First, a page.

Keep Food Safe After a Disaster or Emergency

If you are in a disaster or emergency, it’s important that you take steps to prevent illness from unsafe food.

After A Disaster

Throw away the following food:

  • Perishable food that has not been refrigerated or frozen properly due to power outages
  • Food that may have come in contact with floodwater or stormwater
  • Food with an unusual odor, color, or texture.

Unsafe food can make you sick even if it looks and smells normal. When in doubt, throw it out!

Graphic of Infographic for Eat Safe Food after a Power Outage

Learn more about what you can do to keep your food safe before, during, and after a power outage.

During and after a power outage

Keep refrigerator and freezer doors closed as much as possible while the power is out.

A full freezer will keep food safe for 48 hours (24 hours if half-full) without power if you don’t open the door. Your refrigerator will keep food safe for up to 4 hours without power if you don’t open the door.

Throw out the following foods:

  • All perishable foods (including meat, chicken and other poultry, fish, eggs, and leftovers) in your refrigerator when the power has been off for 4 hours or more.
  • All perishable foods in your freezer if they have thawed.

You can safely refreeze or cook food from the freezer if the food still contains ice crystals and feels as cold as if refrigerated. Check this chart for a list of what foods you should throw out and foods you can refreeze.

After a flood

Do the following with food that may have had contact with floodwater or stormwater.

Throw away the following foods or food containers:

  • Food with an unusual odor, color, or texture.
  • Food in packages that are not waterproof.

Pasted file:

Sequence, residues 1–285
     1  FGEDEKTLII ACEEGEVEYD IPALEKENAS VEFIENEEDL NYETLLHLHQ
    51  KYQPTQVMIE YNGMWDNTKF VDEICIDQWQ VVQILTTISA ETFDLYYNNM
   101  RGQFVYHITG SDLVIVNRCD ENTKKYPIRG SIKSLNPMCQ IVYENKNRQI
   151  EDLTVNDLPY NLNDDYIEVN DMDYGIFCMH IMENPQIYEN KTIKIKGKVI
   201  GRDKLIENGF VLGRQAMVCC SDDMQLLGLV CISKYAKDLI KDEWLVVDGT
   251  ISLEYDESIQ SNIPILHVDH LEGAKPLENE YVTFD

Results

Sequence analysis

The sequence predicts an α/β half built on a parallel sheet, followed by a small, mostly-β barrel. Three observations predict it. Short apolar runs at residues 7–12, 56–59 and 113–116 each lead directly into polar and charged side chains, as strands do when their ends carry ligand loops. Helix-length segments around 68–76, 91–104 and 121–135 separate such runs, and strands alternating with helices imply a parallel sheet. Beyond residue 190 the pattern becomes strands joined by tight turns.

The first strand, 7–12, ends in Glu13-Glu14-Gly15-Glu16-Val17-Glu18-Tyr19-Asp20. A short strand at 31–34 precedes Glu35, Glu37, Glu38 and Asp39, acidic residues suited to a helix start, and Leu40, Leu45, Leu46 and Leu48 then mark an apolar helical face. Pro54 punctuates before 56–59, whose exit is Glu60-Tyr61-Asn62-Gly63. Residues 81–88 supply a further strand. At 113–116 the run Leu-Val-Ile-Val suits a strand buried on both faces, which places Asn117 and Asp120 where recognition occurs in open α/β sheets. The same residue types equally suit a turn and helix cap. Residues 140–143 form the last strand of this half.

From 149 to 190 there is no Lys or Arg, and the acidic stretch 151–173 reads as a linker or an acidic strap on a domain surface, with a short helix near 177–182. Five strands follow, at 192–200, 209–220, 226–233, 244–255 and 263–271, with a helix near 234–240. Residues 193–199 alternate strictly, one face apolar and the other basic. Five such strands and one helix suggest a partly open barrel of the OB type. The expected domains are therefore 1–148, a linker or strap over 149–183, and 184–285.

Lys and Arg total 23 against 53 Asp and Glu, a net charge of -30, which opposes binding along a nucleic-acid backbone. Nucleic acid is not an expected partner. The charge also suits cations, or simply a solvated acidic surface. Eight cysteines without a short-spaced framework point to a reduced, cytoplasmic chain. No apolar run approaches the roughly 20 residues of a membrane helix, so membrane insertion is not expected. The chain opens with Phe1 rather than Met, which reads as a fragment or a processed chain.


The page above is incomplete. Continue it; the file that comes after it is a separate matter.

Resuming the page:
• Food in cardboard containers, including juice/milk/baby formula boxes.
  • Food containers with screw caps, snap lids, crimped caps, twist caps, flip tops, and snap tops.
  • Home-canned foods. They cannot be disinfected.
  • Canned foods or food containers that are bulging, open, or damaged.

Throw out cans or food containers that spurt liquid or foam when you open them or contain food that is discolored, moldy, or smells bad. When in doubt, throw it out!

Clean and sanitize food-contact surfaces that have been flooded
Throw out wooden cutting boards, baby bottle nipples, and pacifiers if they have come into contact with floodwaters. Sanitizing methods are not effective for removing floodwater contaminants from these items.
Clean and sanitize dishes, utensils, and other surfaces that touch food (like refrigerator drawers or kitchen countertops) in a four-step process:

  1. Wash with hot, soapy water.
  2. Rinse with clean, safe water.
  3. Sanitize:
    • Make a solution of 1 cup (8 oz/240 mL) of unscented household chlorine bleach in 5 gallons of clean water.
    • Soak items for 1 minute in the beach solution (solution should completely cover the items).
    • For items that you can’t put in the solution (like countertops), apply solution with a cloth.
  4. Allow to air dry.

How to salvage commercially prepared food in cans and plastic or metal pouches (like flexible, shelf-stable juice packages):

  1. Remove labels if possible. Note the expiration date.
  2. Brush or wipe away dirt or silt.
  3. Wash cans and pouches with hot, soapy water.
  4. Rinse cans and pouches with clean, safe water.
  5. Sanitize cans and pouches in one of two ways:
    1. Place them in a solution of 1 cup (8 oz/240 mL) of unscented household bleach in 5 gallons of water for 15 minutes, OR
    2. Put in a pot of water, bring to a boil, and continue boiling for 2 minutes.
  6. Re-label cans or pouches with a marker. Include the expiration date.
  7. Use food in cans or pouches as soon as possible.

After any disaster or emergency

If you suspect the disaster has caused damage to your home’s structure do not use your fireplace for cooking until the chimney has been inspected for cracks and damage. Sparks may escape through an undetected crack and start a fire.